Most of my time in Massachusetts was spent on Cape Cod. It is a huge promontory into the Atlantic - actually, it's been a huge island in the Atlantic since the Cape Cod Canal cut it from the rest of Massachusetts in 1914. Anyway, historically it was full of sea captains, windmills and teeming fish. Now its full of windmills and tourists. There are lots of dead fish on dinner plates, but the fish stocks offshore are severely depleted. There may still be sea captains, in fairness. I don't really know what a sea captain looks like. I have a vague pastiche of Captain Birdseye and Adam Ant in my head; I didn't see anyone quite like that. The tourists came to see the sea captains, fish and windmills, so are generally two-thirds disappointed.

I liked it, a lot. I've always liked places with a jaunty nautical air, and this nautical air was pretty much vertical. They served decent tea (New England is clearly more than just a name), the Indian place names were frankly unmatched (case in point: Mashpee), and everything smelled deliciously salty. I ate lots of taffy and quahogs (somewhere between toffee and boiled sweets; stuffed clams). The art in the galleries was shit ('Oh, you decided to paint a fishing boat in an orange-and-blue palette; truly you are an artist of unprecedented vision and depth!'), but you can't have everything.

I mentioned the Cape was full of tourists, but really, I hadn't seen anything yet. Off the coast of the Cape (that's off the coast of off the coast of Massachusetts, for those who are counting), lies the real tourist trap: Martha's Vineyard.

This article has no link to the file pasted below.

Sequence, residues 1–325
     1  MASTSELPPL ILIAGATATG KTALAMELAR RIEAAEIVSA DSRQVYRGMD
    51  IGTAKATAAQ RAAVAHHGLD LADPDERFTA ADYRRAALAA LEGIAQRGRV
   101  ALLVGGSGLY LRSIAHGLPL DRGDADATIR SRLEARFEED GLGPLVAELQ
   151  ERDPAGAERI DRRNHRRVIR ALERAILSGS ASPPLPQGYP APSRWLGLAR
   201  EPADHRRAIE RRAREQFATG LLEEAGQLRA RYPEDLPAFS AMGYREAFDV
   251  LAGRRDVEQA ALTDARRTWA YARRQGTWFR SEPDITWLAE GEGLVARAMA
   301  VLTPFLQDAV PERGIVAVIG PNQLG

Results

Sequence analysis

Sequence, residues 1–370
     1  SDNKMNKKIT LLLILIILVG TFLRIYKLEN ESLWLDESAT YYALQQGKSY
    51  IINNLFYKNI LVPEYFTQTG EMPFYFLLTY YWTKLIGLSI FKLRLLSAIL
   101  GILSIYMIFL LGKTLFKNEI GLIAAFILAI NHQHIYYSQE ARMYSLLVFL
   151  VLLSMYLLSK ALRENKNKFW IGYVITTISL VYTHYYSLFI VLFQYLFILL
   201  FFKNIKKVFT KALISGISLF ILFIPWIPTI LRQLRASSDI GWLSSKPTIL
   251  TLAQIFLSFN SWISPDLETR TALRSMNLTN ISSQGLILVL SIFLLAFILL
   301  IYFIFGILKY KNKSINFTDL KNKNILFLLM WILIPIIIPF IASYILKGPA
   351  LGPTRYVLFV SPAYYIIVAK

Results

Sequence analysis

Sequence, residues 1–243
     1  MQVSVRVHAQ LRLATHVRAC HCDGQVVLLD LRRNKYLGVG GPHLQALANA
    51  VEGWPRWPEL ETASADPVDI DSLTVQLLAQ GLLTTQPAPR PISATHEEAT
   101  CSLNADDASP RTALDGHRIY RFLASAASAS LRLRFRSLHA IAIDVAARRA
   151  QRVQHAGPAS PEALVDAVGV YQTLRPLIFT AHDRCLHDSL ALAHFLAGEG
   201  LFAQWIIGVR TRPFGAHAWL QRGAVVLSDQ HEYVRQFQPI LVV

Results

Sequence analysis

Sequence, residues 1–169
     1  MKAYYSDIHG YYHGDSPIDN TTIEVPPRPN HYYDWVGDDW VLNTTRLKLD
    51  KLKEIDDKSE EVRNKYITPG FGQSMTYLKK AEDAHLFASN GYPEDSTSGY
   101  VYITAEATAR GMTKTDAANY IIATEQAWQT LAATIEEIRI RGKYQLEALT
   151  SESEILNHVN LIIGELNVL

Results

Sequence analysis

Martha's Vineyard is a place so romanticized that you sound like a dick whatever you say about it. Have you ever heard people talk about Paris? They either say how beautiful it is, and you think they're pretentious or generic, or they say how much they dislike it, and you think they're an idiot. Or, again, pretentious. You can't win.

Martha's Vineyard is sort of the same. It's clearly very pretty - beautiful, even - but sullied. That's not just in a everyone-and-his-dog-has-been-there-so-I-can't-like-it sense. They've actually ruined it. the shore, at least for several miles either side of the major towns, has been entirely sold off to private buyers at vast expense. You can't walk along it, or even see the sea, most of the time. The towns are of the sinister, soulless sort you find in major malls - a faux-village, painstakingly rendered quaint and quirky and - dare I say it again - jaunty. Except it doesn't work, because everything is twice the price it would be if the quaintness were genuine, and which real sleepy seaside town has a coffee shop and sells fuchsia capri pants? You can't put your finger on what's wrong; it's just slightly sinister. Like John Redwood.

Provincetown (which, as I mentioned before, was the Pilgrims' first landing place - gold star at the back!) has a secret. It's not really a secret, it was just unknown to me. It is New England's Brighton: a lovely seaside place with lots of nice oyster bars and sunburnt pensioners and a massive, incongruous gay community. Realising you're in a gay town slowly is wonderful. It felt very similar to the night in Casablanca during which I realised the 'restaurant' I was in was in fact a brothel: a mingling of discomfort, blushing aren't-I-foolish-ness, joy at all the bright colours and exposed skin, and from there on out an insatiable desire to stare at absolutely everybody. I'm sorry; I led a sheltered childhood. But it was fabulous. The Plymouth Colonists must be turning in their graves.